Welcome Remarks, Biscuit Run State Park event at Monticello

I am honored to welcome Governor Kaine and everyone here today. Albemarle has long supported open space preservation through its land use program begun in 1973, and ACE, the acquisition of conservation easements program, begun in 2000.

Governor, when you were here for our last conservation event,  in July 2008, we were celebrating the first easement purchased with Office of Farmland Preservation funds, the Clayton farm on Beaver Creek in Crozet, which pushed the ACE acreage to 5560 acres.

Over the nine years the voluntary ACE program has protected 36 properties, including:

  • 26 working farms with 3576 acres of prime farm and forest land
  • 12 in the watershed for our drinking water,  with more than 76K (76534) feet of streamside buffers
  • 11 in Rural Historic districts,
  • 24 with scenic tourism values, protecting miles along state roads and 454 acres of mountaintop
  • 7224 acres in total
  • 435 development lots permanently removed

The program has enjoyed widespread support from county residents who understand the financial as well as environmental benefits to conservation. Our acquisition values, including leveraged funds from other sources, are more than $10 million, while the easement values are more than $13 million.  ACE has proven to be a worthy program on all accounts.

In 2009, generous landowners placed 97 new parcels in ag forestal districts, adding 6530 acres.  The Ag forestal acreage total is now 88,000 acres.

Success in achieving our goals was also dependent upon a coordinated effort between local non-profit organizations like Monticello, PEC, county governmental programs like ACE, and statewide conservation groups like DCR, DOF, and VOF. (Department of Conservation and Recreation, Department of Forestry and Virginia Outdoors Foundation)

Just a few hours prior to the Biscuit Run closing, the Carter family donated three conservation easements to the Piedmont Environmental Council which protect Redlands and 1,000 acres of land that surrounds it.  This land has been in the Carter family since 1730 and was part of a king’s grant of 9,350 acres to John Carter.  Redlands was constructed in 1789 and is on the National Register of Historic places.  Calder Loth calls Redlands, “one of the Commonwealth’s most important Federal-period landmarks.”

The above project is just one of the many land preservation projects in Albemarle County that helped reach the governor’s 400,000 acre goal and an example of how this goal was achieved only with the voluntary decisions of private landowners.

Most importantly success was dependent upon a commitment by the Commonwealth and by Governor Kaine to maintain the Land Preservation Tax Credit Program as an incentive for landowners and to provide matching funds for programs like the Office of Farmland Preservation.

It is a harsh financial reality that our ACE program must shrink at the time when our purchasing ability would be the best in many years. The event today will help to cushion that reduced funding and provide ecological, educational, and recreational values close to the urban area and economic value to our entire County. Local non profits, the Albemarle Natural Heritage  Committee, and citizens are all ready to participate in the master planning for Biscuit Run.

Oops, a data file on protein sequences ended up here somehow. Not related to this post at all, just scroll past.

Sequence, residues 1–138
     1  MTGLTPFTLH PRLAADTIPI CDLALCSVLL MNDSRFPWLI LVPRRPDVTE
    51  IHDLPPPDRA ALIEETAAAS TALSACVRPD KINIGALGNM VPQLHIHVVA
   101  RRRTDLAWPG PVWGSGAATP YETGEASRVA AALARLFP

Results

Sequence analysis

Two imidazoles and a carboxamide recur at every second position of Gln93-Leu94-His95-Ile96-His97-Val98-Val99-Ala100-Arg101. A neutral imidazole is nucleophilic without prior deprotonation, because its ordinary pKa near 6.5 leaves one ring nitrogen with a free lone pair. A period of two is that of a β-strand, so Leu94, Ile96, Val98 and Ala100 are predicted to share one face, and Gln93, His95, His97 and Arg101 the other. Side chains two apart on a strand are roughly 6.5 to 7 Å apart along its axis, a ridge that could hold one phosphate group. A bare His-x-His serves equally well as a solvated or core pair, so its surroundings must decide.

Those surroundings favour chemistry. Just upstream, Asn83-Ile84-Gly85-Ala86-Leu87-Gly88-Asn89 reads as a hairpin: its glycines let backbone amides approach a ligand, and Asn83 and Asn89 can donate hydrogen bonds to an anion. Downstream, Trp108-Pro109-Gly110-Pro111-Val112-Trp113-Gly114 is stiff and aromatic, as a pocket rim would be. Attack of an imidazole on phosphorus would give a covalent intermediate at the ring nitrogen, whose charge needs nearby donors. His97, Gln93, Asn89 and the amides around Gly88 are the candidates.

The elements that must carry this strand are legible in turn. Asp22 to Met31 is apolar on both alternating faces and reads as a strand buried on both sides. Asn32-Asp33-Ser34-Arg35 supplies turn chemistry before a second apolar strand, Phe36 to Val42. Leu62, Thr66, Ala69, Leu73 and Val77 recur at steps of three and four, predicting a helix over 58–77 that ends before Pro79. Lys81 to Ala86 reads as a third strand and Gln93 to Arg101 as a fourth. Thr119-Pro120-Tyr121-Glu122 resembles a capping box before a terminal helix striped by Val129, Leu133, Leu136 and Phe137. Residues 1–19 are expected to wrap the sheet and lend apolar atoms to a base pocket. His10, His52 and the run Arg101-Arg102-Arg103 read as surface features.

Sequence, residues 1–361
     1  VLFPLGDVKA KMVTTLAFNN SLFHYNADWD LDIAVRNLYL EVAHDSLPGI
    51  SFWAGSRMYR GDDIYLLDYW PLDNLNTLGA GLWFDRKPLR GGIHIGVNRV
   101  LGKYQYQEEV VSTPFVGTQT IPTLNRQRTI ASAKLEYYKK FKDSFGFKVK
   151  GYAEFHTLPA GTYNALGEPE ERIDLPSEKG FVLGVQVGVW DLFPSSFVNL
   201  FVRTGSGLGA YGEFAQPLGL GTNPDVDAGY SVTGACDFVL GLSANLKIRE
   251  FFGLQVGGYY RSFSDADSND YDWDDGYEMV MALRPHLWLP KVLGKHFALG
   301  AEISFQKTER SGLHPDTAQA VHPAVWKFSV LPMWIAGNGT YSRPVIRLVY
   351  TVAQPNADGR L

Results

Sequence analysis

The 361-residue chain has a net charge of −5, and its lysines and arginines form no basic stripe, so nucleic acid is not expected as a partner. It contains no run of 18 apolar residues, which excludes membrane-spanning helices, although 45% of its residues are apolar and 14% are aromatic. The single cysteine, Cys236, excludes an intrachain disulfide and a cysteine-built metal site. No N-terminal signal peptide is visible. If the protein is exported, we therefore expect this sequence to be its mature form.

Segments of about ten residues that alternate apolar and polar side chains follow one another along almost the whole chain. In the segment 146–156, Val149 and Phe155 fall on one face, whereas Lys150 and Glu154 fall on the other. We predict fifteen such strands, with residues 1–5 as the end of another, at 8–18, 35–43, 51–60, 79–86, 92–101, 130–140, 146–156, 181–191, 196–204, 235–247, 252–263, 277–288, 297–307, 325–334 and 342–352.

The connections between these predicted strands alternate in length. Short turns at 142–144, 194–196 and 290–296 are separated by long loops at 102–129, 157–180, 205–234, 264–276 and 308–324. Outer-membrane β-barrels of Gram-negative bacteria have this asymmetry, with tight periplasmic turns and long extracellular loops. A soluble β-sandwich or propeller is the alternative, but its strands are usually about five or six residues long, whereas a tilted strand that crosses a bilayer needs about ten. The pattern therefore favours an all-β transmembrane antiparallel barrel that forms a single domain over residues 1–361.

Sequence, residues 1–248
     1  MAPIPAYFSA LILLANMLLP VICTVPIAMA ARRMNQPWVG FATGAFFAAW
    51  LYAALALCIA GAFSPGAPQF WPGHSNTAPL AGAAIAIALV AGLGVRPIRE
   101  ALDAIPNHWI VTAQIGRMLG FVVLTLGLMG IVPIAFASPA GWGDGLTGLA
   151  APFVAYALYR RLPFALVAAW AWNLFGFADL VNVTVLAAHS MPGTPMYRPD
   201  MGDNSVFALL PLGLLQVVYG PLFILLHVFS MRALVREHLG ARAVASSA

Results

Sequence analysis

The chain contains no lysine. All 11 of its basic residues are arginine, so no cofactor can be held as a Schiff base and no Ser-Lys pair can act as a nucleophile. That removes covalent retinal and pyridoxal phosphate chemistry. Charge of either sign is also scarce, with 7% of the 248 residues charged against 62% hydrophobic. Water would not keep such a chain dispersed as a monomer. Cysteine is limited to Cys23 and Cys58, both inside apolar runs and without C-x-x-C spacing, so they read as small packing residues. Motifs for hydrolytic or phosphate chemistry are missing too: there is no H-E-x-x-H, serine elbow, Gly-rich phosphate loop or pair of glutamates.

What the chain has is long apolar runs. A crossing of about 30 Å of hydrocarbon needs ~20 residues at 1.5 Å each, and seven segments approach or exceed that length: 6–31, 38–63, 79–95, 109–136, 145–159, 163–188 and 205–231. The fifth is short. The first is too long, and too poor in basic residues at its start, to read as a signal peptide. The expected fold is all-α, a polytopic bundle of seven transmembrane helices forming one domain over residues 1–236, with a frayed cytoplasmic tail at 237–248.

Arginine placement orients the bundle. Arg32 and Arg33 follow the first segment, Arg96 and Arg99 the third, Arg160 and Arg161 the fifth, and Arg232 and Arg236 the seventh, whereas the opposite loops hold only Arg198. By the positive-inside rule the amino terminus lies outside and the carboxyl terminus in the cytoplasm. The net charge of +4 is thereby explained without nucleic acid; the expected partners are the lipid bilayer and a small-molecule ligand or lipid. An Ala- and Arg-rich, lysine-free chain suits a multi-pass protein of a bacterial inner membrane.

Thank you all for coming to participate.

It is my great privilege to introduce Preston Bryant, Secretary of Natural Resources and also my boss, since the Virginia Museum of Natural History is part of that department.

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2 Responses to “Welcome Remarks, Biscuit Run State Park event at Monticello”

  1. Lonnie Murray says:

    Ann, thank you for the mention of our committee. We’re working hard right now on a community Bioblitz of the Albemarle’s new Patricia Ann Byrom Forest Preserve Park and we hope that the skills that we develop during this process of helping Albemarle Parks will also be valuable if we are chosen to help in the Master Planning for Biscuit Run State Park. (Speaking of which, we’re now gathering volunteers…)

    I think having a new state park in our county really presents the opportunity to rethink the big picture for what we want for Charlottesville. From that perspective there are two related questions I’d love for the community at large and local Government to discuss:

    1) While Charlottesville is unique in it’s culture and history, what other cities in the U.S. represent a good goal for where we we’d like to go and what we’d like to acheive? What are the qualities of those cities that we’d do well to learn from? How did those cities achieve those goals in their community?

    2) What kind(s) of economy do we want to have fro the future in Charlottesville? The Baby Boomers are aging and this has huge implication for our economy since we have a large number of them that retired and bought homes here. What are sustainable kinds of businesses that we feel bring value to our community and how can we attract them? Are there ones that might fit naturally with a city like ours that has a large State Park and is an established tourist destination?

    Thanks again, and welcome to the world of blogging.

  2. Lonnie Murray says:

    Yikes, I said Charlottesville twice above when I meant to say “Albemarle”… Of course that’s probably because I’ve always felt the distinction to be arbitrary (and because I grew up with an Ivy address that listed us as being in “Charlottesville”.) Most of us that live in Albemarle Work in Charlottesville, and so despite the political lines I feel we’re inextricably linked. I also hear some people refer to Charbemarle which I find somewhat amusing…

    Of course, Charlottesville-centric thinking has historically left out many important culturally distinct places in the County like Crozet, and Batesville, and the same questions above apply equally to them.